Initially it seem generic, world wants freedom from Klingons, asks federation for help. My first thought was would the Federation step into political matters not relevent to them. Not interfering could be seen as a positive step towards better Klingon/Federation relations. But alas, the mission intro goes on to explain more political influences in the decision to help. While i applaud peoples attempts to have the Federation help out of the goodness of there heart, Stylsy's use of other, more realistic political and logistical reasons makes it easier to understand why you are odered to do this mission. As the mission progresses though, the story picks up as characters, even if minor, are added, and there is more a bit more dialog. In the end, the story was good, well written and informative enough to make you want to help these people. And there is a nice touch at the end.
The pacing in the first part is fast. There is little flying around, looking for badguys or mission objectives. The use of nav beacons is a plus. Lets fact it, it three dimensional space, yet the typical gray objective circle on your map is only showing you where the objective could be in a 2d space. Flying into that circle, only to realize the objective is still 20 km above you is annoying. Your first away mission takes a different turn however. What you think is just a "go kill x amount of guys" has more dialog then typically seen, as well as interact objectives that make sense. Very little of what you do makes you groan, aside from the ground encounters. By far my biggest complaint is the difficulty of the ground encounters. I understand many think ground encounters to be too easy, but that is on the hands of Cryptic. But having almost every ground encounter a large Commander group with a swordmaster at every turn was brutal. Have the Swordmaster run up, almost aoe one shot your whole party, or just straigh one shot you in the face is one thing for some fights, but when every fight see's my character dying and needing to call for assistance several times really slowed things down and hurt the mood for me. As a side effect, this also hurt the climax, when every fight feels like a mini-boss fight, you are tired of being beat to death by time you get to the real boss and you just want it all to end quickly. My opion would be to tune down the combat at the beginning and slowely ramp it up, rather then the first fight to the last being the same Commander/Officer/hardguy group.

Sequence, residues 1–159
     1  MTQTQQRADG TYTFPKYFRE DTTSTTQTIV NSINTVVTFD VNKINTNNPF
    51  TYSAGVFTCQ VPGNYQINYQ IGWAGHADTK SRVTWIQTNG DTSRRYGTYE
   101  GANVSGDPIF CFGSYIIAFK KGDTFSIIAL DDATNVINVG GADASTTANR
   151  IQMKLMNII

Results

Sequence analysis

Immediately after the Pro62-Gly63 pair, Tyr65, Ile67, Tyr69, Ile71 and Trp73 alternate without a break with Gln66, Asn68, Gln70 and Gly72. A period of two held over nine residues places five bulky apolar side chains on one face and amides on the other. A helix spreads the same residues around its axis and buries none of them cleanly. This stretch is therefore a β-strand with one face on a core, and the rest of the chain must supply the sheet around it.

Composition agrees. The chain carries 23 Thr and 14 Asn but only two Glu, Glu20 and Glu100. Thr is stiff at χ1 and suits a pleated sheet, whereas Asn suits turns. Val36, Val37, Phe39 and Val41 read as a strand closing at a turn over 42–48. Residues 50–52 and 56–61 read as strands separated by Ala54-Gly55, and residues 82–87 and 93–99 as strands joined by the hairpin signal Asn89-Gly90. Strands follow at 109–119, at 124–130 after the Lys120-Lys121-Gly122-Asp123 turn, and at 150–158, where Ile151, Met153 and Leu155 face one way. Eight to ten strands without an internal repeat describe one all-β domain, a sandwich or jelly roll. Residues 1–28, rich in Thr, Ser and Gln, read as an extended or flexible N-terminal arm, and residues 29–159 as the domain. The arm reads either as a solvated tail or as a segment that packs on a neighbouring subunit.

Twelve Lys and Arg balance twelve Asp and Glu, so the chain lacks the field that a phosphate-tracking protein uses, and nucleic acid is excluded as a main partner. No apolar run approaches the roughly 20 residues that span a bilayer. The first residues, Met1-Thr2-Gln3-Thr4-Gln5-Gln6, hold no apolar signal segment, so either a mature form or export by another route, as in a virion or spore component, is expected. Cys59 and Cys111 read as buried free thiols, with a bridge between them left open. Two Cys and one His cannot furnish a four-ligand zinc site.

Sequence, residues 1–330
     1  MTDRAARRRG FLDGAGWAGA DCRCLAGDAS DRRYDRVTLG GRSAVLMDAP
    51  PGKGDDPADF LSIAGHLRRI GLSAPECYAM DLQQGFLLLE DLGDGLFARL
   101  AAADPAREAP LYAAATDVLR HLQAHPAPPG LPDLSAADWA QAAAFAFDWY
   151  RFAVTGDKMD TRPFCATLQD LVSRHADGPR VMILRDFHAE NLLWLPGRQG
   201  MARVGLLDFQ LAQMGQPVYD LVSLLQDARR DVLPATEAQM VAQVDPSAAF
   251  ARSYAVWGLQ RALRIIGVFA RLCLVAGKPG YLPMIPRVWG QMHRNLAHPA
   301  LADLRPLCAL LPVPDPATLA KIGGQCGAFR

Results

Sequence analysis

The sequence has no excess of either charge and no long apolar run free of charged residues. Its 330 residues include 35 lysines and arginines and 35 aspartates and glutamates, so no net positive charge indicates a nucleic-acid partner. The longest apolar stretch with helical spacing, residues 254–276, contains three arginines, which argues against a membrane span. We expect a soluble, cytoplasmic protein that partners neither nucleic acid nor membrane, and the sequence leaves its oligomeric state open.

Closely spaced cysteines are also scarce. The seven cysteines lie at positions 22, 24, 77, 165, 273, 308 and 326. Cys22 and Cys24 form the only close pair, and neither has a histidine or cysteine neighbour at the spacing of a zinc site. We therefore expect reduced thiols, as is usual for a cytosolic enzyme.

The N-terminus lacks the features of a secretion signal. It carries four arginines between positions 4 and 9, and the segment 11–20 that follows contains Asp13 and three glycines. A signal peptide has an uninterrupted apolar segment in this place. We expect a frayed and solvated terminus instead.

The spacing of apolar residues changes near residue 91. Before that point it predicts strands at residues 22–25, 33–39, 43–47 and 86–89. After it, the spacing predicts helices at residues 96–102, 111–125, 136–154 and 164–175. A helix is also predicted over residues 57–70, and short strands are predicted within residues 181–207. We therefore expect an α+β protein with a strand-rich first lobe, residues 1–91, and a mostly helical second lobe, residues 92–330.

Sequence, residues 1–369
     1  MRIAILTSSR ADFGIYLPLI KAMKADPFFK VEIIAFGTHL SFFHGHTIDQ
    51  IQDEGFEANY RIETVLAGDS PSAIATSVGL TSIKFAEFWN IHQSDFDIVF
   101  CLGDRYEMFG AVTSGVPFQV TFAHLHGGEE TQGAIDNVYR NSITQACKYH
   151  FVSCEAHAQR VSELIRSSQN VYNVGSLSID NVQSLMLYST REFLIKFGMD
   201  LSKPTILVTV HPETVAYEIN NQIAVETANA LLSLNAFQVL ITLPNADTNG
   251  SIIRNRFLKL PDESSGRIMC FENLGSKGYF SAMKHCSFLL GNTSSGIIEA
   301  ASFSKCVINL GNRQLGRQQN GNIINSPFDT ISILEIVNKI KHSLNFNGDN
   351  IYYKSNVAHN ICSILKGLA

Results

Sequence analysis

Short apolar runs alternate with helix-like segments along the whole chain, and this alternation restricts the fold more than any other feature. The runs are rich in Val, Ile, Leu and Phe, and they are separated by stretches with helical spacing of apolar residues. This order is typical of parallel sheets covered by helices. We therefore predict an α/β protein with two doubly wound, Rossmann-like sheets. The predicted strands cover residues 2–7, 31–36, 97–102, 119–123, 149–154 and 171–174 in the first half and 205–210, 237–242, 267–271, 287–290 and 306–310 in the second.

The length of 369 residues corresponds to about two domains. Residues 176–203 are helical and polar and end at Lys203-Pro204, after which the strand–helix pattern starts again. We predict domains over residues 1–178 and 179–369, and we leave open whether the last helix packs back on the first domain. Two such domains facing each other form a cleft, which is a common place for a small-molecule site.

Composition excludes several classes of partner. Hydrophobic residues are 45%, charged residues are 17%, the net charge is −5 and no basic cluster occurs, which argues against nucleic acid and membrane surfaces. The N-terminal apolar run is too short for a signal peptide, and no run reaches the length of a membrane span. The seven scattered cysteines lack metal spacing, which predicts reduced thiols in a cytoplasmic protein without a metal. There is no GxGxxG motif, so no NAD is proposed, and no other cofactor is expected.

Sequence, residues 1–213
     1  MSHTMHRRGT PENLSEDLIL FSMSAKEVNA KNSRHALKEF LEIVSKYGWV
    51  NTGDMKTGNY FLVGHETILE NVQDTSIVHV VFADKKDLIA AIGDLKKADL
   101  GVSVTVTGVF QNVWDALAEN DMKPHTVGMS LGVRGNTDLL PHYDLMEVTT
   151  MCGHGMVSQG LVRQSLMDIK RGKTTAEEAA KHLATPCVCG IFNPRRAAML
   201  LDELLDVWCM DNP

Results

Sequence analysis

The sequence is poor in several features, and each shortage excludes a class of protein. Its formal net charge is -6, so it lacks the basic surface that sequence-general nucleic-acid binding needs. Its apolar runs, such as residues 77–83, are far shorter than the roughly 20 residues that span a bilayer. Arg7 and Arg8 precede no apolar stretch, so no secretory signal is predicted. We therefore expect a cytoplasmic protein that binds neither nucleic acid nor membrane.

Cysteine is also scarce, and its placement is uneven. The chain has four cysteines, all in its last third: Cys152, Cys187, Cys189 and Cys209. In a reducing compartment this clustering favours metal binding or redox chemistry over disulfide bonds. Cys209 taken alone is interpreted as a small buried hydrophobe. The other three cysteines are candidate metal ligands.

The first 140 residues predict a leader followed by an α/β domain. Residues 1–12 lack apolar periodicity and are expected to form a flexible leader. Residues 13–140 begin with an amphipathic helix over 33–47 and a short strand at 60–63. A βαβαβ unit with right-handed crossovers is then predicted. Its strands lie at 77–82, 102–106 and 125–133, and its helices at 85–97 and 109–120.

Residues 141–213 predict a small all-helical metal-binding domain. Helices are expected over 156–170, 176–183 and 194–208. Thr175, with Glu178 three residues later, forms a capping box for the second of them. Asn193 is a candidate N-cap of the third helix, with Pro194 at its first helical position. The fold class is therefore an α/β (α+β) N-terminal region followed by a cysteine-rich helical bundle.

Typical Trek fare here. Stylsy used the ongoing war between the Federation and the Empire, which seems to be typical for Community Created content. Not a bad thing, as you have to have a reason for the mission, and using the war is a solid and believable backdrop. However, as i mentioned before the little tidbit at the end nods perfectly towards episodes you see in the various series, and takes a huge step forward from the typical endings seen in the basic Cryptic created mass missions.
My favorite part. While none of the characters have deep development, which is reasonable given that to much narrative can hurt a mission for some people, there was enough that made you understand you were helping real people, and not some mysterious beings who after asking for your help never make an appearance. I loved the random dialog you could have with non-essential characters, even if it was short and to the point. All in all it added more life to the enviroments.
Speaking of the enviroment, this was also a favorite. The Author used good placement of props and effects to make the ship feel like it was really in danger. Ive seen too many empty rooms that this was a welcome refreshment. There is some variety as well, having several different maps to progress through that the author put his time into creating each one.
I am new to actually designing missions in the foundry, and while I thought i had a grasp on things, the author pulled some stunts off that I have been trying to figure out for several days now. His knowledge of the trigger and advanced dialog systems is impressive for only being his second or third mission. There was a spelling error, the only one drawing my attention being in the opening brief, but for the most part I did not notice them like I do in most GTC fare. I am not an editor, and my brain works like most people, where we can see a misspelled word, but still read right past it like it was spelled correctly. It takes a lot to make me realize all the spelling and grammar mistakes, and that I only remember seeing one, is a good thing for me.